I liked this bit of Wildean dialogue* between Clovis and his host:
"My mother is thinking of getting married."
"It's the first time."
"Of course, you ought to know. I was under the impression that she'd been married once or twice at least."
"Three times, to be mathematically exact. I meant that it was the first time she'd thought about getting married; the other times she did it without thinking."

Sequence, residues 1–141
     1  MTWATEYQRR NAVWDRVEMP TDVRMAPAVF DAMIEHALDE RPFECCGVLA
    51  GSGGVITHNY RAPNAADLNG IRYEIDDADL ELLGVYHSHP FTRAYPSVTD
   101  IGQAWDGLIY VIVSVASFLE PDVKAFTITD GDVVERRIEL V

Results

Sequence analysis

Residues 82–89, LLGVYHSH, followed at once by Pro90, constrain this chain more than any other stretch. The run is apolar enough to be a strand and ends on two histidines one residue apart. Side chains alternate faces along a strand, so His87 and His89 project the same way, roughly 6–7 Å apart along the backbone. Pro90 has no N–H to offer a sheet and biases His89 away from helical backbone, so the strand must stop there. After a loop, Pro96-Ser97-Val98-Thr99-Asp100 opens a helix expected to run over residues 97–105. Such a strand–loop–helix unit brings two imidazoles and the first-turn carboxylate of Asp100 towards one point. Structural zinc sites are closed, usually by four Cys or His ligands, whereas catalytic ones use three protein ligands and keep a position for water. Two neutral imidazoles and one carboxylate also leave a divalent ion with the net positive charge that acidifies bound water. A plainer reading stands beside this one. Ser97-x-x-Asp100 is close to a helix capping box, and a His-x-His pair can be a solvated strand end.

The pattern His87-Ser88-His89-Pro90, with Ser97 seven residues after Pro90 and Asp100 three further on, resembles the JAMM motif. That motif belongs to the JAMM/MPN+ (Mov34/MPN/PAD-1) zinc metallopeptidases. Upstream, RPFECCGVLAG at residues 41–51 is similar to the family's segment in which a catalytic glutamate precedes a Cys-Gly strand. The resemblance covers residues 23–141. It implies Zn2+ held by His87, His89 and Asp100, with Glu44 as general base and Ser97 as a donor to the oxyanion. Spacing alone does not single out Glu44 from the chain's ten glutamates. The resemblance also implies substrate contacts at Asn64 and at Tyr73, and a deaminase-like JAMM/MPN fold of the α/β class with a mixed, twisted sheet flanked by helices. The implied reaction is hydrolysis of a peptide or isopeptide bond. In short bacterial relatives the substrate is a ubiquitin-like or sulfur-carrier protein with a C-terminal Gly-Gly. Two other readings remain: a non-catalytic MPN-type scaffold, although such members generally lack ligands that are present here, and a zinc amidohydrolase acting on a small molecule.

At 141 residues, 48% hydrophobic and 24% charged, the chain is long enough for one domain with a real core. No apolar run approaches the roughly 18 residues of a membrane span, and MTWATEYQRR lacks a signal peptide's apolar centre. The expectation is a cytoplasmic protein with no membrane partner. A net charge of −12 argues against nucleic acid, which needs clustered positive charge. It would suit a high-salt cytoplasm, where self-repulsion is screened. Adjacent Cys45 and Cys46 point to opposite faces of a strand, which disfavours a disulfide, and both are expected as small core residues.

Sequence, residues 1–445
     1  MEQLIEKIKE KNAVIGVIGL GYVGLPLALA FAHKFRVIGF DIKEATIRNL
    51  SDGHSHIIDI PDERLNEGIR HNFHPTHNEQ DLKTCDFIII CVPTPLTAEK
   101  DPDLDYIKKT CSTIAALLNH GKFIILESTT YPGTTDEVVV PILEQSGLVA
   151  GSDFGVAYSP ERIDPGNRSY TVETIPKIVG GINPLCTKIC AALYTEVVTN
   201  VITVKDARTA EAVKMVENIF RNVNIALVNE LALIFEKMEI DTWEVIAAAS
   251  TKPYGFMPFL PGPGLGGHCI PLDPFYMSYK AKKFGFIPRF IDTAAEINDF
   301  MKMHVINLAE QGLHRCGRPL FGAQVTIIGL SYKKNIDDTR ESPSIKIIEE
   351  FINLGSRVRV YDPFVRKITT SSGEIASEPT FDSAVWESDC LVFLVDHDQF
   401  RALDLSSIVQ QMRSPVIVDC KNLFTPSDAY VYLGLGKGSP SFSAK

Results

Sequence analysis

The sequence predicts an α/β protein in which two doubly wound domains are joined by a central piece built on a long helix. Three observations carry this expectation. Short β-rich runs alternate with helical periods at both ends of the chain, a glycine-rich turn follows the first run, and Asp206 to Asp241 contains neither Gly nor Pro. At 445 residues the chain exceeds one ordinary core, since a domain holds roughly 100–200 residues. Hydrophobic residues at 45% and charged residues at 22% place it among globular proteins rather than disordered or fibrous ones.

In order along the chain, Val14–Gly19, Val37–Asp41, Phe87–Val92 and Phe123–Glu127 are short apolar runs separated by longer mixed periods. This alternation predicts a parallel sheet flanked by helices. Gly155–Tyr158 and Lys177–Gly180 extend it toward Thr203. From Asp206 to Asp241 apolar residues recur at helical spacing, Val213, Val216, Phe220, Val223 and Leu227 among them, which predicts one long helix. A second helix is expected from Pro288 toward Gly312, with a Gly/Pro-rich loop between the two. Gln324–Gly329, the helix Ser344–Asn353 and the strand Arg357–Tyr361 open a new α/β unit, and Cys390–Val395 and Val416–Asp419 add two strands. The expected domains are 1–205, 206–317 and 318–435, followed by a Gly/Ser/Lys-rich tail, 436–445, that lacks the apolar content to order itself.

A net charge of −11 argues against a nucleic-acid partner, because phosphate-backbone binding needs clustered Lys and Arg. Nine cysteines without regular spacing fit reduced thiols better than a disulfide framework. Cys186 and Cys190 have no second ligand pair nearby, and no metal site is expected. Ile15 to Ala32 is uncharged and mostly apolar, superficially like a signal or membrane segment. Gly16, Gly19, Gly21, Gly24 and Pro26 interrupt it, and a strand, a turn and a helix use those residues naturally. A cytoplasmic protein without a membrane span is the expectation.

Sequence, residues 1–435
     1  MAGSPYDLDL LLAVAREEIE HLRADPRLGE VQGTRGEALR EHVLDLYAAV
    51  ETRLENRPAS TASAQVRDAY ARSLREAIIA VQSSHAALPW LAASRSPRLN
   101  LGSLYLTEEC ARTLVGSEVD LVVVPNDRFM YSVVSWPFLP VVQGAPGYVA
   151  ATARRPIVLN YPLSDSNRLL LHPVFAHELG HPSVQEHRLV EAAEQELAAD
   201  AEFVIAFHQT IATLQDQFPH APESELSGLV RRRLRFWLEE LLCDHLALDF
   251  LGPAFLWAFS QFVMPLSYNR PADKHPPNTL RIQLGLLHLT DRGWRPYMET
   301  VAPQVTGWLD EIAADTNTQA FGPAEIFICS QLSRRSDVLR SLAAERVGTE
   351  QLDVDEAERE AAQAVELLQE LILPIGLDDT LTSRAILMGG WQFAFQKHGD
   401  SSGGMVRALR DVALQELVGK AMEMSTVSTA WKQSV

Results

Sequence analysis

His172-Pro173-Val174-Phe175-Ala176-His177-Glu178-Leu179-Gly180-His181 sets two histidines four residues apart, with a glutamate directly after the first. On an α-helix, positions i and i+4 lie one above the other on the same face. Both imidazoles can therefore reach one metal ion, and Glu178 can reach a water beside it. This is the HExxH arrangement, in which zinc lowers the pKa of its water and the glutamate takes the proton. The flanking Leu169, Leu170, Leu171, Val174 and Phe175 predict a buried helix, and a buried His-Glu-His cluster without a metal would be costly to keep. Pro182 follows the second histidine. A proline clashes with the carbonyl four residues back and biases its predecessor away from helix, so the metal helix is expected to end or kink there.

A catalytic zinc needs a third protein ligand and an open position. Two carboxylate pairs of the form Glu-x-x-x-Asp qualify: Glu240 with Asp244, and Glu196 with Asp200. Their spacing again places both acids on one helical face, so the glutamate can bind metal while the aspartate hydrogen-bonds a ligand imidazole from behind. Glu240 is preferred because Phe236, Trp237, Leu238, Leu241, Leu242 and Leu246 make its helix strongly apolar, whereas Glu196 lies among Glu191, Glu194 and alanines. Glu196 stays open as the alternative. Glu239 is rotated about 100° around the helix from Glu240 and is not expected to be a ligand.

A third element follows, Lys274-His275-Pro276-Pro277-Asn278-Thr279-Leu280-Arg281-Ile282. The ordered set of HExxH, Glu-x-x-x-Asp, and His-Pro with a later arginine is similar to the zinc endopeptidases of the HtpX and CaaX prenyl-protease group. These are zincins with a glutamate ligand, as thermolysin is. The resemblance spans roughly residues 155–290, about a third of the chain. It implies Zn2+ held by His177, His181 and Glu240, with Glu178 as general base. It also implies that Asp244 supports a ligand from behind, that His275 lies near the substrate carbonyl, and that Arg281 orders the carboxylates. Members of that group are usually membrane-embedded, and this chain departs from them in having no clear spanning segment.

FN* I think I'm safe comparing Saki (1870-1916) to Wilde (1854-1900) in this manner, since Munro (later Saki) only started writing as Wilde's career was winding down, and this collection in particular - published 12 years after Wilde's death - certainly could not have influenced Wilde.